Yes, well that was the culture and that was enormously beneficial to the fishing industry because people ploughed back their profits into building better boats. And that’s really how the whole thing developed. The thing with Buckie, we interviewed people who had started on sail boats and then you got the steam drifters coming in, which were an amazing achievement actually. Big boats for the time and they must have been ... well, they were incredibly expensive. And done entirely through local resources, through family resources. And then they moved over to motorboats and so on but each time pushing forward. That was because, even when they had got quite a lot of money, they preferred not to display it but to live in a simple working class style. I think that’s carried on with some of the really wealthy fishing people but there are others which it hasn’t and that’s interesting. It relates to religion partly because if you take the Buchans, who’ve got a set of very expensive boats, they’re still very simple living and they’re Brethren while the Tates, who also live in Fraserburgh, they’ve a totally different way of behaving. Fast motorcars and they like a bit of wine and this kind of thing which is a very big break with the past so I wonder in the future whether you’re going to get a more consuming kind of elite developing. Particularly if the influence of religion wanes.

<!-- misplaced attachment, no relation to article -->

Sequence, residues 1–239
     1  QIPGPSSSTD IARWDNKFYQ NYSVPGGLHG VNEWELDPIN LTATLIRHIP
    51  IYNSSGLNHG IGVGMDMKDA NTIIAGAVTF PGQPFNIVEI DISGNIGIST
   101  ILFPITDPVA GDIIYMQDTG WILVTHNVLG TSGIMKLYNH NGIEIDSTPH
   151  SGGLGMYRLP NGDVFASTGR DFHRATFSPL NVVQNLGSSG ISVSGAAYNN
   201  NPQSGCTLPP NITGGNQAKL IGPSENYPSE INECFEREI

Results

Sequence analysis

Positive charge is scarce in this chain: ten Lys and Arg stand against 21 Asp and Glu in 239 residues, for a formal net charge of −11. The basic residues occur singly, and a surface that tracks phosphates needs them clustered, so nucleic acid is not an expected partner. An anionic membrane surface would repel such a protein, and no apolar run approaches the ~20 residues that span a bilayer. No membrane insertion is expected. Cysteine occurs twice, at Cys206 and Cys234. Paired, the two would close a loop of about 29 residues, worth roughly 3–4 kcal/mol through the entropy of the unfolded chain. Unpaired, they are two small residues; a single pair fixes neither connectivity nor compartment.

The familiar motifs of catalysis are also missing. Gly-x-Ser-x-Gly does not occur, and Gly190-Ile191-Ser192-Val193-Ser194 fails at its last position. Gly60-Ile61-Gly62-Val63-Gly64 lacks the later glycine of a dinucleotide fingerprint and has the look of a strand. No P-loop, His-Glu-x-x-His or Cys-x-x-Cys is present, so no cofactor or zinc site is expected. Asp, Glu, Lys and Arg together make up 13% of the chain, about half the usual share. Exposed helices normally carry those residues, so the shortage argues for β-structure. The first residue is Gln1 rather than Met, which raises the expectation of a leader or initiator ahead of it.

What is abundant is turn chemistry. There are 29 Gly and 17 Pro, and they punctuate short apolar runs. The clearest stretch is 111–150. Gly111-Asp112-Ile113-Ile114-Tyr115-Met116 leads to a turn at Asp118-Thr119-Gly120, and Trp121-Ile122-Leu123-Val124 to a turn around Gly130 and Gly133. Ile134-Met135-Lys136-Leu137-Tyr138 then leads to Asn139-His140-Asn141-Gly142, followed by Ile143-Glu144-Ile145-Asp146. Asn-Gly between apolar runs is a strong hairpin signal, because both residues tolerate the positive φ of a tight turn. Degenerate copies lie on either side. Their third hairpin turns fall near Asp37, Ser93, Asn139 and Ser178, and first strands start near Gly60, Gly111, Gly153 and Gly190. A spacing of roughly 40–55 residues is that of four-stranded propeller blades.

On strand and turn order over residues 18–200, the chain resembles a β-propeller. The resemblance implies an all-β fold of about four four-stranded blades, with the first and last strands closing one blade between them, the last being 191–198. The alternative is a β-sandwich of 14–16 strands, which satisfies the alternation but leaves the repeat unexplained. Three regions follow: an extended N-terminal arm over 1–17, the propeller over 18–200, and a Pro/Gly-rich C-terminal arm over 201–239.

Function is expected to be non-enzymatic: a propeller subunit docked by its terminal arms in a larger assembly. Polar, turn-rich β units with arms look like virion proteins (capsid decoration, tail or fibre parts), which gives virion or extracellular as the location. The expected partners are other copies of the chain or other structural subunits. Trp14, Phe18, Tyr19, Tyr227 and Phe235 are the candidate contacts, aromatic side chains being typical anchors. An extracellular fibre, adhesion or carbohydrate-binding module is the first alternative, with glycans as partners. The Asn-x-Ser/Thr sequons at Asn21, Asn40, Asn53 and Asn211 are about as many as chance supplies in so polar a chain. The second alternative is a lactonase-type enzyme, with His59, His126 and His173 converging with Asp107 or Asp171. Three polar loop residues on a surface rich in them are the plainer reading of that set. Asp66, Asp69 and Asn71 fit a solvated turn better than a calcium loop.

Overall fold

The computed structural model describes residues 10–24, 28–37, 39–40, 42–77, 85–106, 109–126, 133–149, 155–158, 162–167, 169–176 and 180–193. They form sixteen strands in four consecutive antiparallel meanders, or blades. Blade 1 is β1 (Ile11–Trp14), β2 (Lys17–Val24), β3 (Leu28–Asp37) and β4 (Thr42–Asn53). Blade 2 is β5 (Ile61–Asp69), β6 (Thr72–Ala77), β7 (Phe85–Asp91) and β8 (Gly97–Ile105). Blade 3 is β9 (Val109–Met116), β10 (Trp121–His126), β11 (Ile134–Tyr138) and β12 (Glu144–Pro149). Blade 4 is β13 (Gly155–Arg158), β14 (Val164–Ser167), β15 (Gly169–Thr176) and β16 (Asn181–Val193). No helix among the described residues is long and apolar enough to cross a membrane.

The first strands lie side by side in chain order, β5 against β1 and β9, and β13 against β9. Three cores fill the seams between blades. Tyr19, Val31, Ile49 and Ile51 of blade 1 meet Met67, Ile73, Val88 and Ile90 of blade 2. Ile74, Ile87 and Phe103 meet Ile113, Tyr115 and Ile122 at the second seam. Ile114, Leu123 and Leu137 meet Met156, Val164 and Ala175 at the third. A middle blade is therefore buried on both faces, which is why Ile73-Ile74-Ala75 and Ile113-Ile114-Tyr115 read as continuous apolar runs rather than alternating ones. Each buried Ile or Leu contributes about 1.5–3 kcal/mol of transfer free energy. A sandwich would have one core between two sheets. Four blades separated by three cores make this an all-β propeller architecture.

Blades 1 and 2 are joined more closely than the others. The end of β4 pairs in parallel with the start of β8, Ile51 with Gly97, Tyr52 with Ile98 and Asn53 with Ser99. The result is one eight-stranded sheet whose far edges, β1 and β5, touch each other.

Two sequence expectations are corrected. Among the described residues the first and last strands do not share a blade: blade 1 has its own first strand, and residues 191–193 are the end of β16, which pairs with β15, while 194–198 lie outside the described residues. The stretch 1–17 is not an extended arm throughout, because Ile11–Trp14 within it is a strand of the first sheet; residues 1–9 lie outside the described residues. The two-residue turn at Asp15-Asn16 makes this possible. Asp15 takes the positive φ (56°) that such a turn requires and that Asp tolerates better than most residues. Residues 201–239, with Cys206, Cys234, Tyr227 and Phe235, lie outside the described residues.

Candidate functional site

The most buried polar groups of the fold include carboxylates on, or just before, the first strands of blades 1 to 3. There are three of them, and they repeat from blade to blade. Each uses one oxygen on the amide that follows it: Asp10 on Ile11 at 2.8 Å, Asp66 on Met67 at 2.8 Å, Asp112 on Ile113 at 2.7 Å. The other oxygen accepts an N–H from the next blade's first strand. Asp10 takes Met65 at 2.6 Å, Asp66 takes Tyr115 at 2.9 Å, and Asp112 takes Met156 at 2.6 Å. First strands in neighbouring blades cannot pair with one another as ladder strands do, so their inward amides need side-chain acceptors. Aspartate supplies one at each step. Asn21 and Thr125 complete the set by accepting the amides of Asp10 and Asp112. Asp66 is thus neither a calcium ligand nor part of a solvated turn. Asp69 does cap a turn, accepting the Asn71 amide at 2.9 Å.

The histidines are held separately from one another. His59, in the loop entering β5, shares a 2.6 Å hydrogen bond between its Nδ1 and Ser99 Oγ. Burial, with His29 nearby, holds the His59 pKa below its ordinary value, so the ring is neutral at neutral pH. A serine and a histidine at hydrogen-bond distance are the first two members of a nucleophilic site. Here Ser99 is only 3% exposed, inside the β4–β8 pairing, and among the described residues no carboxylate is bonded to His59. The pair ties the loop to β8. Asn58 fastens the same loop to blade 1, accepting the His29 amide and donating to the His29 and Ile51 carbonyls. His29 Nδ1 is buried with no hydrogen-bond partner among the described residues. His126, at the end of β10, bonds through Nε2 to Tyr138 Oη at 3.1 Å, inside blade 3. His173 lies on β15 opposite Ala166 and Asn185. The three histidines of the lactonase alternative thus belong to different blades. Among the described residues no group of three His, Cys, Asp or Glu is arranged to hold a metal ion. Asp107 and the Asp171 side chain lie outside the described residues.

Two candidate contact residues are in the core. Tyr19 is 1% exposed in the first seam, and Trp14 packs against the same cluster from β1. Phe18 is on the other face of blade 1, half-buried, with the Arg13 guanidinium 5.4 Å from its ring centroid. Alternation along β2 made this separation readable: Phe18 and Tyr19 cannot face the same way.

• Paul Thompson
Friday 17th July 2009